For example, NKTR-214 (bempegaldesleukin) is a PEGlyated IL-2 form that contains IL-2 and multiple covalently linked but releasable PEG chains [6]. It preferentially binds to IL-2Rβγ (IL-2 receptor) on CD8+ T cells and NK cells rather than to IL-2Rαβγ on Treg cells, activating CD8+ T cells and NK cells.IL-2 PEGylation effectively extends IL-2 half-life (to approximately 20 hours) and reduces its systemic toxicity by limiting immediate T cells activation in the peripheral blood. Data from phase I/II clinical trials have demonstrated that as monotherapy, NKTR-214had good antitumor effects and significantly reduced tumor size in patients with metastatic melanoma or renal cell carcinoma [7].

The second strategy is enhancing cytokine specificity. Using mutagenesis techniques, cytokines are modified to change their specificity and affinity to their receptors and improve their antitumor responses. For example, IL-18, an important pro-inflammatory factor belonging to IL-1 family, can bind to its receptor, IL-18R, on the surface of T cells and NK cells to enhance the immune function of these cells. Owing to its immune-activating function, recombinant IL-18 was once used for cancer immunotherapy. However, it failed to show efficacy in phase II clinical trials [8] because IL-18 can induce expression of IL-18BP, an IL-18 decoy receptor and its natural inhibitor, on cancer cells. IL-18BP binds IL-18 with ultra-high affinity and prevents IL-18 from binding to IL-18R, thereby inhibiting the immune-activating function of IL-18.

To address this issue, scientists used directed evolution with yeast surface display to create a “decoy-resistant” IL-18 variant, DR-18, that binds only IL-18R but not IL-18BP [9]. DR-18 showed therapeutic effects no lower than anti-PD-1 in various animal tumor models and could also be used in combination with anti-PD-1 to produce a synergistic effect. Next, DR-18 will be tested in clinical trials.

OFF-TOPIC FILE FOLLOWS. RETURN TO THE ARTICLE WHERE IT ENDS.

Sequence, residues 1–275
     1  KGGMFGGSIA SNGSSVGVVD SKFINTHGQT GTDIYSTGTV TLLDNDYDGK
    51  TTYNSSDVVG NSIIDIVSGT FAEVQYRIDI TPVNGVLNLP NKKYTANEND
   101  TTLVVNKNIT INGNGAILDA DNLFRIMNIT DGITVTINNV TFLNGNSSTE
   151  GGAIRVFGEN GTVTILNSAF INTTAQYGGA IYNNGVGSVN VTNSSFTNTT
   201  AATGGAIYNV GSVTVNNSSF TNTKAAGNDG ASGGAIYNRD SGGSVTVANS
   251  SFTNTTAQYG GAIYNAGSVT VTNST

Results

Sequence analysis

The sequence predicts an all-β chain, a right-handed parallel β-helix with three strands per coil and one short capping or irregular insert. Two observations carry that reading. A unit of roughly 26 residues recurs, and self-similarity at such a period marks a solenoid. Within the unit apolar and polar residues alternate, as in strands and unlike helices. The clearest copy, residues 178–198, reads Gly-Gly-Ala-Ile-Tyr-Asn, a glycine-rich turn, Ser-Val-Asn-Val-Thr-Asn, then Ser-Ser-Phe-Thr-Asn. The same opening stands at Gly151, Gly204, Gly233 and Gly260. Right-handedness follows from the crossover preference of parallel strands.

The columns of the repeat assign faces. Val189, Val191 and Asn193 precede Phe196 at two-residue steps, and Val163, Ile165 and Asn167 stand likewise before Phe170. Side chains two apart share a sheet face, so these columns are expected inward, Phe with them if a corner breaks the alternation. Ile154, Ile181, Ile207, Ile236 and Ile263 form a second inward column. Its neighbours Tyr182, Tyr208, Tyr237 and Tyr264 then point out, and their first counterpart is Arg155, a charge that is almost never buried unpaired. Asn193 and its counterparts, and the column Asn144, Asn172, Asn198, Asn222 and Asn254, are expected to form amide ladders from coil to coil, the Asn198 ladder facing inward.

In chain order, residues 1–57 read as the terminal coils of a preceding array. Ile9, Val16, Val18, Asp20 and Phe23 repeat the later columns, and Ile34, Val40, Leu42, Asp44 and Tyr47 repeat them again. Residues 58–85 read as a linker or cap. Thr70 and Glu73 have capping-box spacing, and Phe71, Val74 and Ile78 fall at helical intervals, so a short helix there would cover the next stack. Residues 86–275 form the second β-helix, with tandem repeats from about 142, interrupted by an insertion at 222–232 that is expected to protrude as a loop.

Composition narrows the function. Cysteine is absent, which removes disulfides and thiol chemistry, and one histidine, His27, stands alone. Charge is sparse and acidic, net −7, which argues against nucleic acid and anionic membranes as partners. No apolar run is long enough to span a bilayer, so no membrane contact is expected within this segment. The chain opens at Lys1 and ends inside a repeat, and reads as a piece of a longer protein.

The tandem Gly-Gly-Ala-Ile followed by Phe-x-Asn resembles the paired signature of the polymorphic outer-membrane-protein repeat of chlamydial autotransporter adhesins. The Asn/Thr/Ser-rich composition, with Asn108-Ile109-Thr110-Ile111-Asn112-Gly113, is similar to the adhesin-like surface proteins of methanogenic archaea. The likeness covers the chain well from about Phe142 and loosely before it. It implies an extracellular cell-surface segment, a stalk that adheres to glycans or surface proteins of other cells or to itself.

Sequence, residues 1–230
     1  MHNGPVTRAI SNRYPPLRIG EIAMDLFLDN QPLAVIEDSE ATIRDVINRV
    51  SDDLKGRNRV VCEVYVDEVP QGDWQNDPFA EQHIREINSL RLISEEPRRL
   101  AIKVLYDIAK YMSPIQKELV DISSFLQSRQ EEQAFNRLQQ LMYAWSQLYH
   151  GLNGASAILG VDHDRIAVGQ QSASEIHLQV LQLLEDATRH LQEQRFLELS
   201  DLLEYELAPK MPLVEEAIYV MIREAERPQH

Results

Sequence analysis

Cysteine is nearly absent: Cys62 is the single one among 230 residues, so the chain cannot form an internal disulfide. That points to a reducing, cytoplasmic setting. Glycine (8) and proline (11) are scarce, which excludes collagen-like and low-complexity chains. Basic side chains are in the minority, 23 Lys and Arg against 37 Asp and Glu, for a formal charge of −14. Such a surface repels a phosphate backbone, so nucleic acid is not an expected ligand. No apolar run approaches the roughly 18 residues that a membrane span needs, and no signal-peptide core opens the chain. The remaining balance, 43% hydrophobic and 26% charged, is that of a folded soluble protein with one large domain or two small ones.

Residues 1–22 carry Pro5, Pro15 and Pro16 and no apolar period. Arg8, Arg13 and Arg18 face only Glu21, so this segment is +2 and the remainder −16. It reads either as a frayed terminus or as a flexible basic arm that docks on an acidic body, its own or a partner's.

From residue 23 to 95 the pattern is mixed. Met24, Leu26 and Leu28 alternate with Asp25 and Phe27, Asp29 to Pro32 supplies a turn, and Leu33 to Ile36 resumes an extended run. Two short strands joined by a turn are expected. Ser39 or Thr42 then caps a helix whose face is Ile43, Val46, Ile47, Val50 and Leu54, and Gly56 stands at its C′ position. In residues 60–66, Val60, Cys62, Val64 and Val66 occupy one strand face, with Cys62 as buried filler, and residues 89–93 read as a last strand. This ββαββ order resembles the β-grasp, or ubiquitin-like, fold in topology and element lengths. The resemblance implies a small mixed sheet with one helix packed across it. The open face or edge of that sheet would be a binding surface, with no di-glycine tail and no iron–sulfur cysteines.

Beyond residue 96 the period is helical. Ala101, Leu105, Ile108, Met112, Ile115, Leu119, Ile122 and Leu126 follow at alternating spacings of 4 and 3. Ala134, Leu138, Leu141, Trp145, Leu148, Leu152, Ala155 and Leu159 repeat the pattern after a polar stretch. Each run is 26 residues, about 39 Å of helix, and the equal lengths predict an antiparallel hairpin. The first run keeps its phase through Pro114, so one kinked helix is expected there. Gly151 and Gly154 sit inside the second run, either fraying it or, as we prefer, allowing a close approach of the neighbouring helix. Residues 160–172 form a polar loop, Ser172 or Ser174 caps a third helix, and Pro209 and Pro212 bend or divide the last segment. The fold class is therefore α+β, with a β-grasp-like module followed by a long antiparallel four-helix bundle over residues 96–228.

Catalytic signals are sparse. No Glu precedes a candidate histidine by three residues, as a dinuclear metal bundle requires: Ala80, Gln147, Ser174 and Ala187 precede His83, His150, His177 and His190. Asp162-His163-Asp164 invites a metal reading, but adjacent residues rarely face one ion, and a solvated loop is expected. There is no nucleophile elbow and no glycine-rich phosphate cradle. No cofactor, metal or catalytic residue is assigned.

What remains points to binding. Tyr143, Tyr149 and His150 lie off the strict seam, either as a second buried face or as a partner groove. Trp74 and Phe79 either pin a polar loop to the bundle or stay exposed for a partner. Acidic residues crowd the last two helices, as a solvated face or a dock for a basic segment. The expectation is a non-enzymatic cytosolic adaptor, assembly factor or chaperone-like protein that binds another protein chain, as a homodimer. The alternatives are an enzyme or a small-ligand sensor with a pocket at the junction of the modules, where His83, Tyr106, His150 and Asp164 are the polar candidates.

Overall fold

Another strategy is combination drugs. Therapeutic cytokines are used in combination with other anti-cancer therapies, including monoclonal antibodies or CAR-T cells, to achieve optimal efficacy. Currently, numerous clinical trials on combination drugs are underway [10]. For example, NKTR-214 is being evaluated in phase II and III trials in combination with PD-1 inhibition (NCT03138889 and NCT03635983) or dual CTLA4 and PD-1 inhibition (NCT02983045). PEGylated IL-10 has also been evaluated in combination with pembrolizumab or nivolumab for patients with melanoma, non-small cell lung cancer, or renal cell carcinoma.


Recombinant cytokines have a great potential for cancer immunotherapy. Although only a few drugs have yet been approved, numerous novel cytokines designed by different strategies have entered the clinical trials stage and achieved project milestones. Meanwhile, based on the well-established recombinant protein and antibody technology platform, Sino Biological has developed a series of cytokine-related research reagents, such as recombinant cytokines and their receptors, antibodies, ELISA kits, genes, etc., to support cytokine studies.


[1] PRODUCT INFORMATION INTRON A (Interferon alfa-2b)., accessed January 21, 2022. Reference ID: 4160510

[2] PRODUCT INFORMATION PROLEUKIN (aldesleukin)., accessed January 21, 2022. Reference ID: 3165255

[3] Qiu Y, Su M, Liu L, Tang Y, Pan Y, Sun J. Clinical Application of Cytokines in Cancer Immunotherapy. Drug Des Devel Ther. 2021;15:2269-2287. doi:10.2147/DDDT.S308578

[4] Waldmann TA. Cytokines in Cancer Immunotherapy. Cold Spring Harb Perspect Biol. 2018;10(12):a028472. doi:10.1101/cshperspect.a028472

[5] Dutcher JP, Schwartzentruber DJ, Kaufman HL, et al. High dose interleukin-2 (Aldesleukin) - expert consensus on best management practices-2014. J Immunother Cancer. 2014;2(1):26.  doi:10.1186/s40425-014-0026-0

[6] Doberstein SK. Bempegaldesleukin (NKTR-214): a CD-122-biased IL-2 receptor agonist for cancer immunotherapy. Expert Opin Biol Ther. 2019;19(12):1223-1228. doi:10.1080/14712598.2019.1685489

[7] Bentebibel SE, Hurwitz ME, Bernatchez C, et al. A First-in-Human Study and Biomarker Analysis of NKTR-214, a Novel IL2Rβγ-Biased Cytokine, in Patients with Advanced or Metastatic Solid Tumors. Cancer Discov. 2019;9(6):711-721. doi:10.1158/2159-8290.CD-18-1495

[8] Tarhini AA, Millward M, Mainwaring P, et al. A phase 2, randomized study of SB-485232, rhIL-18, in patients with previously untreated metastatic melanoma. Cancer. 2009; 115(4): 859-868. doi:10.1002/cncr.24100

[9] Zhou T, Damsky W, Weizman OE, et al. IL-18BP is a secreted immune checkpoint and barrier to IL-18 immunotherapy. Nature. 2020;583(7817):609-614. doi:10.1038/s41586-020-2422-6

[10] Propper DJ, Balkwill FR. Harnessing cytokines and chemokines for cancer therapy. Nat Rev Clin Oncol. 2022;10.1038/s41571-021-00588-9. doi:10.1038/s41571-021-00588-9